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Number of reported measles, pertussis, syphilis and Hepatitis A cases per 100,000 population. Two year average.

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Infectious Disease: Vermont

Vermont Infectious Disease (1990-2012) see more
  • Vermont - Number of AIDS, tuberculosis and Hepatitis (A and B) cases reported to Centers for Disease Control and Prevention per 100,000 population. Two year average.
  • - Number of AIDS, tuberculosis and Hepatitis (A and B) cases reported to Centers for Disease Control and Prevention per 100,000 population. Two year average.
  • Vermont - Number of reported measles, pertussis, syphilis and Hepatitis A cases per 100,000 population. Two year average.
  • - Number of reported measles, pertussis, syphilis and Hepatitis A cases per 100,000 population. Two year average.

Infectious Disease

United States Infectious Disease (1990-2012) see more
  • United States - Number of AIDS, tuberculosis and Hepatitis (A and B) cases reported to Centers for Disease Control and Prevention per 100,000 population. Two year average.
  • - Number of AIDS, tuberculosis and Hepatitis (A and B) cases reported to Centers for Disease Control and Prevention per 100,000 population. Two year average.
  • United States - Number of reported measles, pertussis, syphilis and Hepatitis A cases per 100,000 population. Two year average.
  • - Number of reported measles, pertussis, syphilis and Hepatitis A cases per 100,000 population. Two year average.

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Core Measure Impact
Infectious Disease
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Infectious Disease
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Thematic Map
Infectious Disease
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Overview

 

Infectious Disease measures the combined incidence of measles, pertussis, Hepatitis A and syphilis per 100,000 population. Two-year averages are used to calculate the incidence rates. This definition was changed in 2011 from the previous editions, where infectious disease was defined as the combined incidence of AIDS, TB, and hepatitis A and B, and three-year averages were used. The ranks are based on data from two and three years prior from the CDC’s Mortality and Morbidity Weekly Reports.

 

In the early 1900s, the field of public health was focused on combating infectious diseases caused by poor sanitation and poor hygiene. Many great achievements were made in this area through vaccinations, antibiotics, and education. It has only been since the mid-1900s that the field of public health shifted its focus from infectious diseases like cholera and smallpox to chronic diseases like diabetes and cancer.[1] Despite the current focus on chronic diseases, infectious diseases still pose a threat and are responsible for a significant burden on our nation’s health. The incidence of these infectious diseases is an indication of the toll that largely preventable diseases are placing on the population. Infectious diseases pose a threat to all members of a population, but can be especially severe in young children and the elderly, leading to hospitalizations or even death.[2]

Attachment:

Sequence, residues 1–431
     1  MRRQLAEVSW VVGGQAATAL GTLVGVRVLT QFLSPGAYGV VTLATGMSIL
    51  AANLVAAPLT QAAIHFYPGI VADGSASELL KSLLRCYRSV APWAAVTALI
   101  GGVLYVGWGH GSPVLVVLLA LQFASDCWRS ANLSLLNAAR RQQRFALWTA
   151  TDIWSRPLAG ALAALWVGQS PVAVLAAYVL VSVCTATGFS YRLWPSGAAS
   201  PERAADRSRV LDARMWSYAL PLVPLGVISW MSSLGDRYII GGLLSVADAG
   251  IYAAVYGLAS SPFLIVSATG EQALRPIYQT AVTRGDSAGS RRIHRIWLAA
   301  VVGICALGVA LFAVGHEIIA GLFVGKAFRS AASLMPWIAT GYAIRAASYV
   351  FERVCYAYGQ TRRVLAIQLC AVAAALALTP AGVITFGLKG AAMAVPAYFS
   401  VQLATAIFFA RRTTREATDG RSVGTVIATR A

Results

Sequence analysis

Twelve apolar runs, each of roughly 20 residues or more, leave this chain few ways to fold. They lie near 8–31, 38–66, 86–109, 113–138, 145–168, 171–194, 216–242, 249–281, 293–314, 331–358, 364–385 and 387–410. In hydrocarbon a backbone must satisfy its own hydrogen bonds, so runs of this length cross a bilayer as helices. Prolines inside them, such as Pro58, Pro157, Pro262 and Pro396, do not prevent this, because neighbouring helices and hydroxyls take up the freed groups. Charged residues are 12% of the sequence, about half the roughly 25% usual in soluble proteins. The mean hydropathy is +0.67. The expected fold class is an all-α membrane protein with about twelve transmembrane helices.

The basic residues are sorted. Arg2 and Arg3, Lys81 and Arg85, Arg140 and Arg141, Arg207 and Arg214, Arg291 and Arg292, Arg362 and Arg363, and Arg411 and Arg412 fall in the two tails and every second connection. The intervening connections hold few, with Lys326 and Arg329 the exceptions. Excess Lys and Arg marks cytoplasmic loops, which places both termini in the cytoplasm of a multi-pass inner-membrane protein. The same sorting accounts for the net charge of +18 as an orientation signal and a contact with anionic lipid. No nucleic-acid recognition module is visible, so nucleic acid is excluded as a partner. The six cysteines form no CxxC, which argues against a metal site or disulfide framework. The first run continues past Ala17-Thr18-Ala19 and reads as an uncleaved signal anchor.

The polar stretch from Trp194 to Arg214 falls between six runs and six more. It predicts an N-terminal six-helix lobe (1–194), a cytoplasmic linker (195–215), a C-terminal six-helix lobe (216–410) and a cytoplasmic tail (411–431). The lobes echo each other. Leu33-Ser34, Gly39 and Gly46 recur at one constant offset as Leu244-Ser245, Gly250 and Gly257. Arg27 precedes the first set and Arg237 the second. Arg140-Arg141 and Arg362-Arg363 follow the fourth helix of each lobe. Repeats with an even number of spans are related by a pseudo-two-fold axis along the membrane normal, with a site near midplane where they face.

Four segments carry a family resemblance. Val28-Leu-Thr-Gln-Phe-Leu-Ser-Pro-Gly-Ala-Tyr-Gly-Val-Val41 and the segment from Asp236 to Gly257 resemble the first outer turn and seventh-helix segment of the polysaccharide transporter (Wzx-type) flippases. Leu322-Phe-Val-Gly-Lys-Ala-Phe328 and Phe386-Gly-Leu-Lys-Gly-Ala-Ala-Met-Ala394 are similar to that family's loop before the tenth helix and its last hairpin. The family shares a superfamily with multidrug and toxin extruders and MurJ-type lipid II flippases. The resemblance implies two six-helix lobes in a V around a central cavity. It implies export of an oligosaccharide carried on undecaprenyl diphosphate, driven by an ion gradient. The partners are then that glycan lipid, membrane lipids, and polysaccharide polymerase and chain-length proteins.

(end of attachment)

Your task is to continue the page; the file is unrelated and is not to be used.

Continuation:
The 4 diseases included in this measure were chosen partially because they represent different transmission mechanisms and therefore different prevention and treatment options. Measles and pertussis are both airborne, hepatitis A is generally spread through food, and syphilis is sexually transmitted. Transmission of measles, pertussis and hepatitis A can be reduced through vaccinations. The incidence of these diseases provides information not only about the immunization rate in a community but also information about the ability of a system to prevent, detect, and control outbreaks. Proper handwashing is a simple yet effective way to prevent many infectious diseases including hepatitis A, measles, and pertussis. Safe cooking practices can prevent most, if not all, foodborne infection including hepatitis A. Condom usage and other safe sex practices can help prevent sexually transmitted diseases such as syphilis. A high incidence of infectious disease may be indicative of a need for greater investment in public health prevention measures. Immunizations and early interventions have proven effective in keeping infectious disease rates at a minimum.

 


[1] Centers for Disease Control and Prevention (CDC). Achievements in public health, 1900-1999: Changes in the public health system. MMWR - Morbidity & Mortality Weekly Report. December 24, 1999;48(50):1141-7. http://www.cdc.gov/mmwr/preview/mmwrhtml/mm4850a1.htm. Accessed September 24, 2012.

[2] Armstrong GL. Trends in infectious disease mortality in the United States during the 20th century. JAMA. 1999;281(1):61.